On a national scale the Human Genome Initiative's pledge of using 3 to 5 percent of its budget to fund legal and ethical studies is the first national research effort to take law and ethics seriously from the outset. This is certainly good news, and could be a useful model for all public funding of research. Nonetheless, it must be recognized that such direct funding runs the same risk of coopting ethics for expedience. At a conference on the HGI held in April 1991 at the New York Academy of Medicine, for example, all of the scientist speakers insisted both that ethics was being taken care of by this funding and that HGI itself was no longer stoppable. In other words, the one ethical question not open for debate was wehther the HGI should continue at this time. At the same meeting (and at others as well) the scientists also abandoned the rhetonic that had proclaimed the HGI the "holy grail" of molecular genetics. Instead they are noew insisting that it's simply "building infrastructure" and should thus not be a cause for concern or special ethical/legal attention. Oversimplified to be sure, the message was: leave us alone to do our science and we'll cut you ethicists in (a bit) on the action.

The scientists may, of course, be correct. But they have not yet made a convincing case that the HGI is the highest priority in medicine or molecular biology, deserves a privileged status, and is not fair game for ethicists and social policy thinkers who question its current pace or the potential problems with the application of its likely products. We can be flattered that the program's sponsors are running for ethical cover without being coopted into providing it before the analysis is performed.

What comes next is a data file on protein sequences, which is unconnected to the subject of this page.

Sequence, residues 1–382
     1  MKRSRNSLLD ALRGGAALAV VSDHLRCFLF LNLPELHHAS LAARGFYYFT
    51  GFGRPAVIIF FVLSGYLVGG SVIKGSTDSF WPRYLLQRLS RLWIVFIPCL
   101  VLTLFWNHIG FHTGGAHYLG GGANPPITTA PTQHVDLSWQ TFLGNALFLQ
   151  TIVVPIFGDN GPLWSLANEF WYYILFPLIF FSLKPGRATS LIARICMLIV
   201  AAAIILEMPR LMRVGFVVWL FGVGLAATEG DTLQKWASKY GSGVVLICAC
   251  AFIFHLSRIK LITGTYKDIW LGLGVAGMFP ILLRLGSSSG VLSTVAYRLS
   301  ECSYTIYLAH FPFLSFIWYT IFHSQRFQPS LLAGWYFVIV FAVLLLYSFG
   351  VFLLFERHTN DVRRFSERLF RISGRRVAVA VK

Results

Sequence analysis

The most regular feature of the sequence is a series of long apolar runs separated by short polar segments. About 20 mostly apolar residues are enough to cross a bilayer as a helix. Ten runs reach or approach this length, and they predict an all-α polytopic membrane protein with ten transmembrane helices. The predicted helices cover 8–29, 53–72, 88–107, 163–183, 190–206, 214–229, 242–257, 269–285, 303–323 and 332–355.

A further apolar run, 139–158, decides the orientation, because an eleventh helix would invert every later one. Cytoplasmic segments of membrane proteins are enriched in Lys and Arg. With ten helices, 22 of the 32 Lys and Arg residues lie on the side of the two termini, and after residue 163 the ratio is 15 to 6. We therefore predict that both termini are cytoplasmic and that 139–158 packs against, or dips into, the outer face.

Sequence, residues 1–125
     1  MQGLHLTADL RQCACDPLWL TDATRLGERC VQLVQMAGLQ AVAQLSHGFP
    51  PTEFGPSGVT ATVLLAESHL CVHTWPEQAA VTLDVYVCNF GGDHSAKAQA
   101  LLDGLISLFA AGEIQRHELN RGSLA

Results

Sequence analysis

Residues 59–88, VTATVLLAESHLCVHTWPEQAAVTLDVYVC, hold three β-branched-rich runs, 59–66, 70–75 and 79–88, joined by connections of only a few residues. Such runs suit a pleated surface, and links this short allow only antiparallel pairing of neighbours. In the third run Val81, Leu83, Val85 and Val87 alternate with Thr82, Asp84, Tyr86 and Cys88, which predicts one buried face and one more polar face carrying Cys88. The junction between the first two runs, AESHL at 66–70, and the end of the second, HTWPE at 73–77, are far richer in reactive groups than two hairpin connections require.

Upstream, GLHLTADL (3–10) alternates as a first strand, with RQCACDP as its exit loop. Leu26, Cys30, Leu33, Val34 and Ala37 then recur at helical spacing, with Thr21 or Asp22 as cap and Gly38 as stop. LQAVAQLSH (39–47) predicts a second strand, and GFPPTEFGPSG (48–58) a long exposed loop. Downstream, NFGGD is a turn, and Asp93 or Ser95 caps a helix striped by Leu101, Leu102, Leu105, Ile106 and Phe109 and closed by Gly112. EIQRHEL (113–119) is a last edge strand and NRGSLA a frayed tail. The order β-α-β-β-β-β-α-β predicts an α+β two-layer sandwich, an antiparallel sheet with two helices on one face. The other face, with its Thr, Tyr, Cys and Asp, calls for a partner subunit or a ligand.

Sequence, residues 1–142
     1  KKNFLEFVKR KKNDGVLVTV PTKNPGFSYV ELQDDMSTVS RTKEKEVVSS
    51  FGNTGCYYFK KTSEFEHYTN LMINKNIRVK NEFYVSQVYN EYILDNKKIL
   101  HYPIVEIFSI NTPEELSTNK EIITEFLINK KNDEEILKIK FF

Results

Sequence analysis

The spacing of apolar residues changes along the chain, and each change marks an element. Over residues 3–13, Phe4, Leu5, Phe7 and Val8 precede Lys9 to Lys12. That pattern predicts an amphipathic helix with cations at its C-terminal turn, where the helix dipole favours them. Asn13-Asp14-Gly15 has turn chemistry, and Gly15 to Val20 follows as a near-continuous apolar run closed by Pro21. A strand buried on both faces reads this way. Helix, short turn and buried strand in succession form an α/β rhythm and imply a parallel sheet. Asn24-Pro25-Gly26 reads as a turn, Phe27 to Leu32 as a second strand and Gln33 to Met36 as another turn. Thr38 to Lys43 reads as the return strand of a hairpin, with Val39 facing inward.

Rethinking the Role

When the case of Nancy Cruzan, a case substantially identical to the Karen Quinlan case, was reviewed by seventeen judges, including those on the U.S. Supreme Court in 1989 and 1990, not one even mentioned ethics committees. It is good that ethics committees are no longer considered legal agents by judges, and it would be better if lawyers (and legal considerations) were removed from them altogether. In rethinking the proper role of ethics committees, it may be useful to return to the 1970s and Alexander Solzhenitsyn's 1978 commencement address at Harvard University. Solzhenitsyn insisted that although a society without an objective legal scale is "terrible," one with no other scale than the legal one "is not quite worthy of man either":

A society that is based on the letter of the law and never reaches any higher is taking small advantage of the high level of human possibilities. The letter of the law is too cold and formal to have a beneficial influence on society. Whenever the tissue of life is woven of legalistic relations, there is an atmosphere of mediocrity, paralysing man's noblest impulses. [5]

Setting up an additional bureaucratic entity called an ethics committee to make legal pronouncements can only make medicine more legalistic and impersonal. Moreover, encouraging a group of lay people to attempt to practice law makes no more sense than encouraging a group of lawyers to attempt to perform surgery. What we might try instead is to engage in a real effort to see if multidisciplinary committees can "do ethics." Good ethics committees begin where the law ends.

George J. Annas is Utley Professor of Health Law, and director of the Law, Medicine and Ethics Program, Boston University Schools of Medicine and Public Health.


[1] George J. Annas, "In re Quinlan: Legal Comfort for Doctors," Hastings Center Report 6, no. 3 (1976): 29-31.

[2] See generally Leonard H. Glantz, "What Lessons Ethics Committees Can Learn From IRBs," in Institutional Ethics Committees, ed. R. Cranford and E. Dondera (Ann Arbor, Mich.: Health Research Press, 1982).

[3] Ethics Committee of the American Fertility Society, "Ethical Considerations of the New Reproductive Technologies," Fertility and Sterility 53, no. 6, supp. 2 (1990):34S.

[4] AFS, "Ethical Considerations," p. 36S.

[5] Alexander Solzhenitsyn, "The Exhausted West," Harvard Magazine, July-August 1978, p. 22.
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Author:Annas, George J.
Publication:The Hastings Center Report
Article Type:column
Date:May 1, 1991